Very few would argue that recent headlines concerning election security haven’t been alarming. From hacking to voting systems to stolen voter registration data and the deliberate distribution of false candidate information, it’s no wonder people are questioning the integrity of election results.
It’s hard to know who or what to believe, and while there is questionable information floating around, much of what we’ve read concerning election security is based on fact. However, “just the facts” without context can be just as dangerous or misleading as lies.
One example is the concern over voter registration records discovered in the Darknet marketplace.
Through our research, the CyberDefenses team has been able to confirm that the story is true, but the story doesn’t warrant panic, and here’s why:
- This voter registration data is already freely accessible to anyone who requests it from their state governments. In many cases, this information is used by candidates or non-profit organizations in marketing campaigns focused around gathering votes or support for causes.
- This information includes names, phone numbers, addresses and voter affiliation, not social security numbers or login credentials.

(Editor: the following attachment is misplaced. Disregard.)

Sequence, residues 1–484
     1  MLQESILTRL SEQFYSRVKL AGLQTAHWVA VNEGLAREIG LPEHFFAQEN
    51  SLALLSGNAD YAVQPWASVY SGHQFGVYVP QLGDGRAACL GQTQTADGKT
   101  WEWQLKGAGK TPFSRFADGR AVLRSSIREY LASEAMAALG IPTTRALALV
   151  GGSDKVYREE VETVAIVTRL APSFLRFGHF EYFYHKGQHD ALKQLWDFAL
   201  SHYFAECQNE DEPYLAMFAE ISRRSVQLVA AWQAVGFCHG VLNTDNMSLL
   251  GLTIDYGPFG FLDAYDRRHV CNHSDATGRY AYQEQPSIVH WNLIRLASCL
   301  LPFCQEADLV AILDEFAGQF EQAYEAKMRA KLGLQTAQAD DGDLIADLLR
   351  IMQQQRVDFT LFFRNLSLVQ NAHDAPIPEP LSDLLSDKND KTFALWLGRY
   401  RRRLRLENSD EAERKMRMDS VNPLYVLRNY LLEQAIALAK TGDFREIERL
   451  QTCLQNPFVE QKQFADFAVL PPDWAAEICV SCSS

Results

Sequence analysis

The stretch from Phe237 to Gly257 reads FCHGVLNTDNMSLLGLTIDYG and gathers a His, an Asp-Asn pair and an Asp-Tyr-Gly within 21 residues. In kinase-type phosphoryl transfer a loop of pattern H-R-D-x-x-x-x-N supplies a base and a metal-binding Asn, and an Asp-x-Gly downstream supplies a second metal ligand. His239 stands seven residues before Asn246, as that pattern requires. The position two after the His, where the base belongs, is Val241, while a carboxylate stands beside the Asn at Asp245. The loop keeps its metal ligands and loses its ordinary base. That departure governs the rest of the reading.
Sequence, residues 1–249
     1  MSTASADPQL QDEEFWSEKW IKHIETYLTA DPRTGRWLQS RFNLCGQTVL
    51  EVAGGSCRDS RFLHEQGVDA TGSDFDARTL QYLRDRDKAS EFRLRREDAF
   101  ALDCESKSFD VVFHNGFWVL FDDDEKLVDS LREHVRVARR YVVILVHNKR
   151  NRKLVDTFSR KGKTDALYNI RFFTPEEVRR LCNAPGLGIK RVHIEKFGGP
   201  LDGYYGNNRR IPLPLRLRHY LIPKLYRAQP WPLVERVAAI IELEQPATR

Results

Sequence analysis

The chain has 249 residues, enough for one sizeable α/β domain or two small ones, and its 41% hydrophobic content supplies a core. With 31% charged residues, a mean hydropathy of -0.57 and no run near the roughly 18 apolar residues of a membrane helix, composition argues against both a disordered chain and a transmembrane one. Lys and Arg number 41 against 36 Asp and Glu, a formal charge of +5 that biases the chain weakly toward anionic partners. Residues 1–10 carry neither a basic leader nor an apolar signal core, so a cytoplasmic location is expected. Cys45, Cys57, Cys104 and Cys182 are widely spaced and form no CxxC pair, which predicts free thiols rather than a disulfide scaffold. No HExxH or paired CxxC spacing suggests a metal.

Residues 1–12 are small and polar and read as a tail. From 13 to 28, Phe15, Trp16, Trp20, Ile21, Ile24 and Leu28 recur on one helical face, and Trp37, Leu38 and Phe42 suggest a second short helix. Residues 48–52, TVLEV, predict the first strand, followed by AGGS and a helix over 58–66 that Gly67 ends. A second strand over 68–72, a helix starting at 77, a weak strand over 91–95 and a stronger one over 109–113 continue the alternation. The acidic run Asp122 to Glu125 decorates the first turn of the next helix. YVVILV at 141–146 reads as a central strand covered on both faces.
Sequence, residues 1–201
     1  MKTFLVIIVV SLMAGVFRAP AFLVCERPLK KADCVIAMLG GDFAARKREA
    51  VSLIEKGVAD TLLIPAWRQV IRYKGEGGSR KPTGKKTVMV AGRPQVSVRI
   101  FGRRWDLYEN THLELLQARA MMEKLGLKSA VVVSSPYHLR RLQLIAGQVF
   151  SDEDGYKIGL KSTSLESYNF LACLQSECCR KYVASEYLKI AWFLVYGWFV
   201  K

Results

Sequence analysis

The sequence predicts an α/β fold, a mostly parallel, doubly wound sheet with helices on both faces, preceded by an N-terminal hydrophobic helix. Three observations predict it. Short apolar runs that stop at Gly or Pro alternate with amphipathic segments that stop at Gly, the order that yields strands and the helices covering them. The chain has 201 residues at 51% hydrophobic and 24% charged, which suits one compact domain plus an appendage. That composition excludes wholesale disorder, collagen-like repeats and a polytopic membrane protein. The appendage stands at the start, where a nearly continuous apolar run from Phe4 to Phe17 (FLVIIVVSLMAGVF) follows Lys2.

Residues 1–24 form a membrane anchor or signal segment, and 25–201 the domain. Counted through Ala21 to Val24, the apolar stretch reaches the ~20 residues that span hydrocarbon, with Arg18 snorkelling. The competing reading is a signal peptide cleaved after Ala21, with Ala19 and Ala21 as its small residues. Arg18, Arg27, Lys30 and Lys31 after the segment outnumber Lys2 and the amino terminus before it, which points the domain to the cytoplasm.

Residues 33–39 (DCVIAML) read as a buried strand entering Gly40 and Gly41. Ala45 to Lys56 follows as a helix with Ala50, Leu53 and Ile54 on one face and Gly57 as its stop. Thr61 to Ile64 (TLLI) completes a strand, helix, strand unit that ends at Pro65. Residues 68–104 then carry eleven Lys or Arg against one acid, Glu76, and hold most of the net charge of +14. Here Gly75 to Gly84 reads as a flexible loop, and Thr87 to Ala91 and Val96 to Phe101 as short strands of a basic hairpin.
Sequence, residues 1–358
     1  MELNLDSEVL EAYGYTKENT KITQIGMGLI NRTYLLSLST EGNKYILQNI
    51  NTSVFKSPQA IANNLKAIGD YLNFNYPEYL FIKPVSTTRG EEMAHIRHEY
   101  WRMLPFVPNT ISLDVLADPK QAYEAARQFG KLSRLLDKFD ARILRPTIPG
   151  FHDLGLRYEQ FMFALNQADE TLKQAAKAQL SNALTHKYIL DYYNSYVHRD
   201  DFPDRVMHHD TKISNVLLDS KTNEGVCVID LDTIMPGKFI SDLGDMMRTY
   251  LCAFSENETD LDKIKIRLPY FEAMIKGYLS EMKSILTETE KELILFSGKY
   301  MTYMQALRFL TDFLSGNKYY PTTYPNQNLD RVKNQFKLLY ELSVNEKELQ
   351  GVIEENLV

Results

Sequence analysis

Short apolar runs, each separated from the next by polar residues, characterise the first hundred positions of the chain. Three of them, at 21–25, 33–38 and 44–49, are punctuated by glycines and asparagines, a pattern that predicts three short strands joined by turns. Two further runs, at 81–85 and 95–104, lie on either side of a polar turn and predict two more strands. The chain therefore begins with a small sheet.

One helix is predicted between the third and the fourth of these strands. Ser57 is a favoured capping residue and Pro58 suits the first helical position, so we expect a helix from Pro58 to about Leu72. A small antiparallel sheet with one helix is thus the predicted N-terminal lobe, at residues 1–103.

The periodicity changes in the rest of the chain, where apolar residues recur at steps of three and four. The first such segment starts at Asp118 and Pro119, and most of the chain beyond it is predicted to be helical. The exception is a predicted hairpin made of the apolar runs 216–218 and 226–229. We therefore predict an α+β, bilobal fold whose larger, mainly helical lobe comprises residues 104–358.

- This information is routinely found on the Darknet because many companies fail to take the right steps to protect it. Consequently, it is not available only via voter registration records. This fact reduces the probability that the data is related to an election-focused attack.
- Hackers tend to exaggerate their claims of how the data was collected or the type of data included to promote themselves as a go-to resource for valuable information. The likelihood of these records being sourced through nefarious means is probably slim.
- In many cases, this data is outdated. There is a high chance that it has been repackaged from old sources and is not as valuable as the sellers claim it is.
It is not surprising that the hacker community is capitalizing on the heightened focus around election security. They make an interesting claim that they have the ability to continuously retrieve voter registration information. Election officials should take these claims seriously by monitoring the data that is showing up in hacker forums. Plus, reviewing their data capture and dissemination process would be another wise move.
We’re likely going to see more activity such as this. Some of it does indicate threats that should be addressed immediately, but other events, while concerning, aren’t as alarming as some would want us to believe.
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